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Innovations : patient-centered-medicalhome-pilot

Clinical Innovations

Title: Patient-Centered Medical Home Pilot

 

Organization: Adventist HealthCare  

Innovation Type: Medical Home  

What They’re Doing: Medical Home for High-Risk Patients  

Clinical Innovation: Using cost data, Adventist identifies their high cost employees and connects each of them with a participating primary care physician (PCP) who must be available to help coordinate and manage their patients’ care for one hour every month. The participating PCP’s are given access to a claims-driven electronic medical record that enables visibility into all of the participant’s diagnoses, visits, hospitalizations and prescriptions. Each participant is assigned a personal health nurse who supports the PCP, develops a care plan for the participant in consultation with the PCP and helps him/her comply with the care plan by following up after each appointment to answer questions and ensure compliance with the care plan.  

Supportive Financing Mechanism: Instead of paying an insurance company to cover health care claims for their employees, Adventist is a self-funded insurer. This means that Adventist takes on the health care risk of its employees and directly pays all medical bills out of its own funds. Adventist has hired personal health nurses to work with their employees and pays physicians a care management fee for providing care coordination services. Adventist believes that the cost-savings from keeping their high-risk members healthier will cover the additional money they spend on care coordination activities.  

Evaluation Plan: Adventist conducted a retrospective analysis examining the health risk and cost of program participants before implementation of the program and after one year of participation in the program.  

Evaluation type: Quasi- experimental 

Patient Health and Cost Outcomes:  

  • Improved Health. The number of high -risk patients seen by PCP’s participating in the program by more than 48%. Most of these high-risk patients were reclassified as moderate and low risk over the course of the year.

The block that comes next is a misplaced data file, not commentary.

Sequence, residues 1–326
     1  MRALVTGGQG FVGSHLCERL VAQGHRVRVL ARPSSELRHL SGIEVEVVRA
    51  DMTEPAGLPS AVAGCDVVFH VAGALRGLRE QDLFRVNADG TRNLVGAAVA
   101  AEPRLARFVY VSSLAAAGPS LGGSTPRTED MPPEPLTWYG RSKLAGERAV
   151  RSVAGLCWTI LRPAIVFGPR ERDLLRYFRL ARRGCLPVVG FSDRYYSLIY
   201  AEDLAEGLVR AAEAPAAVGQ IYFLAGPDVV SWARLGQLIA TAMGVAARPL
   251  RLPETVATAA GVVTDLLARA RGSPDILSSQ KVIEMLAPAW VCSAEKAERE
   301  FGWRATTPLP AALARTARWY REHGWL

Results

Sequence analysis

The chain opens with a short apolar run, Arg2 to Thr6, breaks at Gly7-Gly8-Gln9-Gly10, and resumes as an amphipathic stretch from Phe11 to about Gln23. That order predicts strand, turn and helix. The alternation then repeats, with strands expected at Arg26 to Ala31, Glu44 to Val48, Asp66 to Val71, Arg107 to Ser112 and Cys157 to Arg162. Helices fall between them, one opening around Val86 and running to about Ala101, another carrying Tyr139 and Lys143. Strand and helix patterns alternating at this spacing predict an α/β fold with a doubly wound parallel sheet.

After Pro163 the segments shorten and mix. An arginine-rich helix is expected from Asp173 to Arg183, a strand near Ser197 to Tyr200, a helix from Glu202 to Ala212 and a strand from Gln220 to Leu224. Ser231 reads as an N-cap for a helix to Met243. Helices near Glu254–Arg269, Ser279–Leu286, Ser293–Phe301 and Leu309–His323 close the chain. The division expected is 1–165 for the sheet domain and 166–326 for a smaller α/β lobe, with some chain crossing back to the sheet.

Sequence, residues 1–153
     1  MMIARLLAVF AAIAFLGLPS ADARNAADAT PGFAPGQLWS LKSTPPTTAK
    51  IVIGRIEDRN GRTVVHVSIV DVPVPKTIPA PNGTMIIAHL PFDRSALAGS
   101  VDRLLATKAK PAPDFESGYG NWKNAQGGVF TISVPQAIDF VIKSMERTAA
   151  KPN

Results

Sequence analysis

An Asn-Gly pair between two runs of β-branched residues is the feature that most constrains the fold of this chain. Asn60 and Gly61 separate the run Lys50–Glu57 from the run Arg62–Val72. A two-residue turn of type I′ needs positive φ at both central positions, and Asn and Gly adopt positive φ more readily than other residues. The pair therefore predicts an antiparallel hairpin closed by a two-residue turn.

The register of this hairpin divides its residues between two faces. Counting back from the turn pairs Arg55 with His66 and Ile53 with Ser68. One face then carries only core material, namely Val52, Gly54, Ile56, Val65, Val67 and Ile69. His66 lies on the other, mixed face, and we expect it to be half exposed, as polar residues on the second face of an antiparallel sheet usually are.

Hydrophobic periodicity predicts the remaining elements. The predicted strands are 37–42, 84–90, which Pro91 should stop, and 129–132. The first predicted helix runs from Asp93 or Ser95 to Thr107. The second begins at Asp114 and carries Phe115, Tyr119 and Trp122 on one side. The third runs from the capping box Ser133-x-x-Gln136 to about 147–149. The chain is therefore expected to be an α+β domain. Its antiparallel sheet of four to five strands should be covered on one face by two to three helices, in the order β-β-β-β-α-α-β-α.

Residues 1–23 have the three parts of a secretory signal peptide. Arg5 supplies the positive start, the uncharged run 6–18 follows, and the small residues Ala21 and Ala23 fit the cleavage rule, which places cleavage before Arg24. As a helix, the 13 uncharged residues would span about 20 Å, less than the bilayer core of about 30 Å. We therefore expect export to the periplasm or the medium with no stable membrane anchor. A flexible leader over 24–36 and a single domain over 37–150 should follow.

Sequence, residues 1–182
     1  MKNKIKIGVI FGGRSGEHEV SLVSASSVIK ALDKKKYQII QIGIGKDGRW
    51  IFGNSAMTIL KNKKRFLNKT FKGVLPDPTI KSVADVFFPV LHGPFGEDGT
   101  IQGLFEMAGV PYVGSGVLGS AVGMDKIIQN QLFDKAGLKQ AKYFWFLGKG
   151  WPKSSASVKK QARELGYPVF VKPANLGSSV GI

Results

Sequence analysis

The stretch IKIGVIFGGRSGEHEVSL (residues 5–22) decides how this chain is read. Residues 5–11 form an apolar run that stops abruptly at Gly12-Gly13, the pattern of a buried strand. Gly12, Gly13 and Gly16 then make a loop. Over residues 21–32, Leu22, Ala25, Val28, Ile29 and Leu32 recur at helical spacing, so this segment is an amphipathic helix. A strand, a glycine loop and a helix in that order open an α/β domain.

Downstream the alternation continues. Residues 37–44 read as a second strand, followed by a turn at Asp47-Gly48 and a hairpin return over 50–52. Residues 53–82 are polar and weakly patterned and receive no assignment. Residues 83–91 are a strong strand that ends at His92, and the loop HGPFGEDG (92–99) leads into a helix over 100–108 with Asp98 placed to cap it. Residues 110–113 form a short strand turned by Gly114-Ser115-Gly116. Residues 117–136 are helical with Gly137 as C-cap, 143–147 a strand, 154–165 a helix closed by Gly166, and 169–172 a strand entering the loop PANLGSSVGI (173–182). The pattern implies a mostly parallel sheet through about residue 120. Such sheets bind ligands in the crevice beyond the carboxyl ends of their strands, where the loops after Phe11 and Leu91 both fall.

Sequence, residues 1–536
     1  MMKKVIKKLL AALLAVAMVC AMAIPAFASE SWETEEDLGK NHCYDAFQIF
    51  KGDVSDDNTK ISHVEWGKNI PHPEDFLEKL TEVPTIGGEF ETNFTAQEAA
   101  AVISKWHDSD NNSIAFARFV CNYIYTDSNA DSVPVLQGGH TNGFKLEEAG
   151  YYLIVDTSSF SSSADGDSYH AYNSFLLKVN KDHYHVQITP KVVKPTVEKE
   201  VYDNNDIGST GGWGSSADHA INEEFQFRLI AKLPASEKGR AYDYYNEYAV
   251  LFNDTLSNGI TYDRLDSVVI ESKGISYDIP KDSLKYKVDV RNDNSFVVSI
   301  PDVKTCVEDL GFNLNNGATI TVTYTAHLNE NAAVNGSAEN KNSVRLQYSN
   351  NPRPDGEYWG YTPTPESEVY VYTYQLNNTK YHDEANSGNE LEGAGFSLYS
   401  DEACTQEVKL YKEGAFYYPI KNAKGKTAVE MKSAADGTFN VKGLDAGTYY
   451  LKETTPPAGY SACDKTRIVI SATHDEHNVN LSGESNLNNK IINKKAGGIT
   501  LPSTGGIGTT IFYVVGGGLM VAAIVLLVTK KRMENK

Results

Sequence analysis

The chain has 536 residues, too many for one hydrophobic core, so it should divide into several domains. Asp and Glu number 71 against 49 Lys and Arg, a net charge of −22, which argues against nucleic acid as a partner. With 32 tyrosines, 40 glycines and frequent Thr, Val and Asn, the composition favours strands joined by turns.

• Cut Costs . Participants’ per member per month costs dropped 35% from $1,981 in 2009 to $1,290 in 2010 while members not enrolled in the program increased .9% from 296 in 2009 to $299 in 2010. The annual per member per month cost reduction was $381,630.  

  • Good return on investment. Based on a total cost of $31,204, the directly recorded savings of $87,365 represents a return on investment of 2.79.  

Other Outcomes of Interest:  

  • Positive patient experience. Anecdotal evidence suggests that patients and physicians viewed the program positively.  

Publications: no peer-reviewed articles.

Lee, J.G., Dayal, G.,Fontaine, D. "Starting a Medical Home: Better Health at Lower Cost." Healthcare Finance Management. June 2011. Article can be found here: http://www.hfma.org/Publications/Leadership-Publication/Archives/E-Bulletins/2011/June/Medical-Home-Leads-to-Healthier-Patients%E2%80%94and-Savings%E2%80%94for-AHC/  

Target Population: Employees of Adventist who were classified as high-risk patients and saw at least 15 different providers and 9 different prescribing physicians in 2009. 

Date of Implementation:  Launched pilot in late 2009.  

Contact: Gaurov Dayal, M.D, Senior Vice President and Chief Medical Officer, 301-315-3883, GDayal@adventisthealthcare.com

Multimedia: Pending  

Where to learn more: Please contact Gaurov Dayal, M.D.

 
 
 

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